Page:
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Health district issues rabies alert

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By Staff Reports

The Mount Rogers Health District has recently tested four potentially rabid animals.

The district refused to disclose from which localities the animals were tested in order to “protect the privacy of the individuals involved and because there is no public health reason to do so.”

The health district includes Carroll, Grayson, Wythe, Smyth, Bland and Washington counties and the cities of Galax and Bristol.

A raccoon and a goat tested positive. A groundhog was tested, but results were inconclusive so the animal was presumed to be positive. All these animals were exposed to people or pets.

A bat also was found in a room where people were sleeping. Waking up in a room and simply finding a bat also is considered to be exposure because bats can bite without a person realizing they’ve been bitten, the health district said in a news release.

“These events serve as a reminder that rabies is always present in our area, and that exposures from a wide variety of animals, both wild and domestic, are possible,” said Scott Honaker, district environmental health manager. “Pets serve as a buffer — and a potential path for transmission — between wild animals and people and their livestock. Vaccinating pets helps protect people and livestock by helping to limit the spread of rabies from wild animals.”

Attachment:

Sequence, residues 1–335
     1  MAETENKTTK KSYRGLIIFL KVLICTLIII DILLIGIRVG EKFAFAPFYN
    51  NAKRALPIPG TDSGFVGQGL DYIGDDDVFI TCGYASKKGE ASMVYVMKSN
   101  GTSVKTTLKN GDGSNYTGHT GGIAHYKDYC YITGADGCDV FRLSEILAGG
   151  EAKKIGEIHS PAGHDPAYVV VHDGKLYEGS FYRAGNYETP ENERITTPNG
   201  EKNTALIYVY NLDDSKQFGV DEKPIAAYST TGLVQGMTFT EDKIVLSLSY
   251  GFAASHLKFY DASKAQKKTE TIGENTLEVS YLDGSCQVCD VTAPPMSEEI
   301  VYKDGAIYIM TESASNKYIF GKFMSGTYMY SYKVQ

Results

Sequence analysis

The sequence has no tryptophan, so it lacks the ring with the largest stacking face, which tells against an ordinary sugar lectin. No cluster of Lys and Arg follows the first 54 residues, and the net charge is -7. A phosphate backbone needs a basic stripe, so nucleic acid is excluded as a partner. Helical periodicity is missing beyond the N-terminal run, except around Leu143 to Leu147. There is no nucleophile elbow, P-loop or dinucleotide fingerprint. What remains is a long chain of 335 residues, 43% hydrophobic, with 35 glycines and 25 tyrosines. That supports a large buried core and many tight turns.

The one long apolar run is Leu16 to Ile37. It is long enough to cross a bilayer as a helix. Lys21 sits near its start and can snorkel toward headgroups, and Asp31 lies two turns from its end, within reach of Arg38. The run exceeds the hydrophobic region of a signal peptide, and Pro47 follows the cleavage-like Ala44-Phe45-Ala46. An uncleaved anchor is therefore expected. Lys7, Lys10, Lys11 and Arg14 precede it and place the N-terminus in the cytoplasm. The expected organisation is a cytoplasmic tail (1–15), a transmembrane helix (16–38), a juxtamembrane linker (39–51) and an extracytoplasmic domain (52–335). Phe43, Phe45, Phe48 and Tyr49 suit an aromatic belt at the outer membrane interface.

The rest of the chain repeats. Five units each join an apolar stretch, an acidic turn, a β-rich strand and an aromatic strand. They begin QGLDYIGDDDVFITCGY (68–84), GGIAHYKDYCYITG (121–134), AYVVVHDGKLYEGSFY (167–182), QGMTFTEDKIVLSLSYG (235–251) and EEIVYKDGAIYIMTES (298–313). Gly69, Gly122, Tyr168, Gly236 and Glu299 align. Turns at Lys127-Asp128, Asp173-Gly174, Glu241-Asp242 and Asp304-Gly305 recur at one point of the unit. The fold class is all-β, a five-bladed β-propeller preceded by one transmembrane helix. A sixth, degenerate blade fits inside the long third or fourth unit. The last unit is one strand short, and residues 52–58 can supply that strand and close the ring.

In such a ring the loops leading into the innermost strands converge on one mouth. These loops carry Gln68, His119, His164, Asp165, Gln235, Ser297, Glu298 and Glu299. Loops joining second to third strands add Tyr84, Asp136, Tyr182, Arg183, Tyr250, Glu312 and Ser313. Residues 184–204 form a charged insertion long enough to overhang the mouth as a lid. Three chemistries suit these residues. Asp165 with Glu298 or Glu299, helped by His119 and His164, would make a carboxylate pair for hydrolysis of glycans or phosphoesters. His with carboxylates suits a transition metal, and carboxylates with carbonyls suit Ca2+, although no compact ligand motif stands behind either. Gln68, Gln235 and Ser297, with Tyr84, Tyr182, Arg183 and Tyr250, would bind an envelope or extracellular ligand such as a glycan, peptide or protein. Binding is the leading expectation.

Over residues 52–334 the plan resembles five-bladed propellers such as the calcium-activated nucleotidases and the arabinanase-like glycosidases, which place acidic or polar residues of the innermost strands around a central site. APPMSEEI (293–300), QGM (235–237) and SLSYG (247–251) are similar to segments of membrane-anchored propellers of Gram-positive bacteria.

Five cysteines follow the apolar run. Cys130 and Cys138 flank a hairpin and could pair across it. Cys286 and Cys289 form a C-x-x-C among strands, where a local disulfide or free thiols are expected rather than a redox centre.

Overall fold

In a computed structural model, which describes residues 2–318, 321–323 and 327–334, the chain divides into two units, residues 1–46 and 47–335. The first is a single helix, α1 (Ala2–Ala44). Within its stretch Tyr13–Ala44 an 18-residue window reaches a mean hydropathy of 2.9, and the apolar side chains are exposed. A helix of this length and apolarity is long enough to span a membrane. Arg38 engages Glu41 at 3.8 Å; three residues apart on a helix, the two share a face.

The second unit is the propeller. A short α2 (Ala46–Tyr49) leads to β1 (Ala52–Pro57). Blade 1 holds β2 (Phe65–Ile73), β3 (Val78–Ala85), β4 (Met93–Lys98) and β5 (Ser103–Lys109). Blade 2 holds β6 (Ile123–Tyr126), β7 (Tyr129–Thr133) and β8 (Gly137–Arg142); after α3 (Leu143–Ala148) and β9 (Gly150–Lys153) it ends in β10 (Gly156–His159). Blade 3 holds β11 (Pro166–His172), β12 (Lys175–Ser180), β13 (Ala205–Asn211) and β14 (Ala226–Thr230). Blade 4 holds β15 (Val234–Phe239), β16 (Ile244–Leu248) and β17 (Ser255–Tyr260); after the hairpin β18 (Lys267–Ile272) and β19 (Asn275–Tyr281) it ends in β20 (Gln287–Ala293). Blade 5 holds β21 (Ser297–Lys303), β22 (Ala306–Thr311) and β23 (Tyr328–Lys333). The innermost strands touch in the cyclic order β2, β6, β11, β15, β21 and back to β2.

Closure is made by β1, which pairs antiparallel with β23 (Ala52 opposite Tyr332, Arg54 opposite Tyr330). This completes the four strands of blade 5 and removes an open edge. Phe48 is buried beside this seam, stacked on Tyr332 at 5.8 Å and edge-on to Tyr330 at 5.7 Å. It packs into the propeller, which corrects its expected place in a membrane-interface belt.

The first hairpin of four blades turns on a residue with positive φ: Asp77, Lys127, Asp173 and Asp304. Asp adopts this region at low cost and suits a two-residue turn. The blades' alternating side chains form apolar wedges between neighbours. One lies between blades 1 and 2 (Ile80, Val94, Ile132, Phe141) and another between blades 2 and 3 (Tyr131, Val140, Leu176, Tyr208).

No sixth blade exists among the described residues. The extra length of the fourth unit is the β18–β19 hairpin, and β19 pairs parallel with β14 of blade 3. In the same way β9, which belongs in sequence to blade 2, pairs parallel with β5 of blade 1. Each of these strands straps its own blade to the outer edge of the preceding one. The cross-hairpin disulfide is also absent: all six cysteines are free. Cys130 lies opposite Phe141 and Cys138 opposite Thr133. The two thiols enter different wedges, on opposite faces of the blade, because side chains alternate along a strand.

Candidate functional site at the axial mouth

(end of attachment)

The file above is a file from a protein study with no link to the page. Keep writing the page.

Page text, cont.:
Pets that have been exposed to rabid animals but have current rabies vaccinations will receive a booster and must be confined for 45 days to watch for any signs of illness. Pets that have been exposed to rabid animals but do not have current rabies vaccinations are at much greater risk of falling ill, so they must be euthanized or held in strict isolation for six months.

If you are bitten, wash the wound immediately with soap and water. Call your physician, local health department or animal control agency immediately.

To limit potential exposure to the virus, keep rabies vaccinations up-to-date for pets and selected livestock. Never approach wild or stray animals or leave pet food or garbage outside.

The Code of Virginia requires that all dogs, cats and ferrets four months old and older must be vaccinated against rabies and receive periodic boosters to maintain the vaccine’s protection. Livestock can also be vaccinated against rabies.

For information, contact a local health department or (276) 781-7450.